One project involves the isolation and identification of active components of extracts obtained from botanical samples used in Traditional Chinese Medicine (TCM). Through our affiliation with the Tennessee Center for Botanical Medicine Research, we have access to extracts used in TCM. Fractionation of these crude extracts has led to pure compounds in some cases, with bioactivity in diverse areas such as antiviral, antitrypanosomal and antiinflammatory as well as antitumor. One example is the isolation of hederagenin from Cyclocarya paliurus, which led to a correction of the structure of cyclocaric acid A. This oxetane had been reported originally as a component of C. paliurus, however we found that the plant isolate was actually hederagenin, a common oleanane with known antitumor activity. Independent synthesis of cyclocaric acid A was used for confirmation. Collaboration with members of the Biology department is ongoing and we are currently investigating a number of extracts which are at varying stages of purification.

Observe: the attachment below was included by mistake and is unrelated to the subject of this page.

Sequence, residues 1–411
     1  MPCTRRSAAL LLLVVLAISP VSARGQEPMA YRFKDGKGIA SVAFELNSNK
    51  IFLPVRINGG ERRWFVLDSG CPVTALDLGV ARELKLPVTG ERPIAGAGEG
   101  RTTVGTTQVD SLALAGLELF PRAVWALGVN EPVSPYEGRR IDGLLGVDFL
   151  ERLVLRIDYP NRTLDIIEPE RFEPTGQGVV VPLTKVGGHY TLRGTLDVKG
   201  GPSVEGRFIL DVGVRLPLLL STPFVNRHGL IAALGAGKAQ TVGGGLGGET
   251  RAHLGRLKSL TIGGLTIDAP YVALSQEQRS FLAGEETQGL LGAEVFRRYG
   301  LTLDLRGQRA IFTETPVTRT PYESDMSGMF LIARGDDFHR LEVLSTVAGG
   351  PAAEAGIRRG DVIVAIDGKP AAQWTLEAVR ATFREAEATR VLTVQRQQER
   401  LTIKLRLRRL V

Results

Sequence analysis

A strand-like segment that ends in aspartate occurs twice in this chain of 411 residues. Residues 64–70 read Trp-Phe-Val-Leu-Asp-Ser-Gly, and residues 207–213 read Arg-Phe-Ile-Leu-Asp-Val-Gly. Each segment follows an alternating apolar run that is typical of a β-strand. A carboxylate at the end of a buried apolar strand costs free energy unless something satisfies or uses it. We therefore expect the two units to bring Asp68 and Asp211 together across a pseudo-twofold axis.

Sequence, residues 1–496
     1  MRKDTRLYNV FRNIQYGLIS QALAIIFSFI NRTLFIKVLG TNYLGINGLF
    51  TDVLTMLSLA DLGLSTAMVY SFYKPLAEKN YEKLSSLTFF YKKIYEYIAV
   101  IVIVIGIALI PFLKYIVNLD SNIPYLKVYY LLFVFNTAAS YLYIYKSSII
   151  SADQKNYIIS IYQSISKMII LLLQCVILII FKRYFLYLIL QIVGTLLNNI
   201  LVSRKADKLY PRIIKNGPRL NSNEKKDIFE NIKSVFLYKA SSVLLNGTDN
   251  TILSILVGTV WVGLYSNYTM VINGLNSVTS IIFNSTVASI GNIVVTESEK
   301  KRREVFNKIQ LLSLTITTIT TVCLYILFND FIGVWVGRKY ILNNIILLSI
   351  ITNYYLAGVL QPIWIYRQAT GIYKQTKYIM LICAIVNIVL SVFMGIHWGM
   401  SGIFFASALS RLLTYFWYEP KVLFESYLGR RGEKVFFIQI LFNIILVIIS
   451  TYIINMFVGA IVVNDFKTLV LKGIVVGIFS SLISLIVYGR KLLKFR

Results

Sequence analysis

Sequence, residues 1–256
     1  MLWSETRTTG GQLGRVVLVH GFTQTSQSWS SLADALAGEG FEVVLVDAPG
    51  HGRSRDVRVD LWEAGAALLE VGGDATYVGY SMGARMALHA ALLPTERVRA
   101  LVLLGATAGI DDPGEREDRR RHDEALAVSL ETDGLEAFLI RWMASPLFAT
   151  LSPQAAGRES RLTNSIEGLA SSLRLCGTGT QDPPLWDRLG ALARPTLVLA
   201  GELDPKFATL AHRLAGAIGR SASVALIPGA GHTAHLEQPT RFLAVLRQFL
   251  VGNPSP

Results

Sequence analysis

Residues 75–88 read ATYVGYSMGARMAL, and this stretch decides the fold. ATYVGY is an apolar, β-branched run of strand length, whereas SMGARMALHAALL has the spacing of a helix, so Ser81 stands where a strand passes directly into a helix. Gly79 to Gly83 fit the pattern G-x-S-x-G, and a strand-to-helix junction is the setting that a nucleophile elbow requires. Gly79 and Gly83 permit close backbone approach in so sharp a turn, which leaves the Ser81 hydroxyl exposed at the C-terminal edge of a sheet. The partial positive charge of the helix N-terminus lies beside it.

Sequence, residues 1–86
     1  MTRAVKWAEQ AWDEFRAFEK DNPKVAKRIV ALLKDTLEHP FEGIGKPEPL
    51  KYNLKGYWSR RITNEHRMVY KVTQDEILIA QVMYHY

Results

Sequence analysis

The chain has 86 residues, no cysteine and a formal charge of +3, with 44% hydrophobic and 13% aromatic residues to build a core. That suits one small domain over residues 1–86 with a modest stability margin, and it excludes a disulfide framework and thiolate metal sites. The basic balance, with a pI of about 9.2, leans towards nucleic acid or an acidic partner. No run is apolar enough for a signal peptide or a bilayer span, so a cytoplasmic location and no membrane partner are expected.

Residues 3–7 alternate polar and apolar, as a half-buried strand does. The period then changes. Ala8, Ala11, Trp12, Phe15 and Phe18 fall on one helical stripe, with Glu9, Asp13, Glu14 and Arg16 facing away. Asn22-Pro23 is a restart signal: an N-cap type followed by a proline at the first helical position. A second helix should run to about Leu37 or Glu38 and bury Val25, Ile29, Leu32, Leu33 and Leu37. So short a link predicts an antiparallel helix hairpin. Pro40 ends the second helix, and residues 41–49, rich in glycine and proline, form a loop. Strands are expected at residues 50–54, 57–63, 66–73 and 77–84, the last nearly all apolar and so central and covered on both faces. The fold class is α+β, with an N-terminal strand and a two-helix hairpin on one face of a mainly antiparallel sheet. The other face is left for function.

One area interest is in the synthesis of potentially bioactive compounds. Three synthetic projects are currently underway. The major project is focused on the design and synthesis of cyclopropyl-containing peptidomimetics as potential enzyme inhibitors. An efficient (four step) approach to a core structure has been developed, using protected amino acids as starting materials. The key steps involve either a sulfur ylide cyclopropantion or a nitrocyclopropanation. Differentiation at three variable points leads to compounds with potential as HCV NS3 protease or BACE inhibitors. We are also particularly interested in using the cyclopropanation methods for the synthesis of analogs of the proteasome inhibitor belactosin A.
A second synthetic project involves the synthesis of dimers of 4’-demethylepipodophyllotoxin. A series of ether-linked dimers and their corresponding monomers were prepared and analyzed for DNA cleavage ability as well as tumor cytotoxicity. The initial series of dimers exhibited higher levels of double-strand cleavage as well as enhanced cytotoxicity over the monomers, lending credence to the two-drug model of interaction with topoisomerase II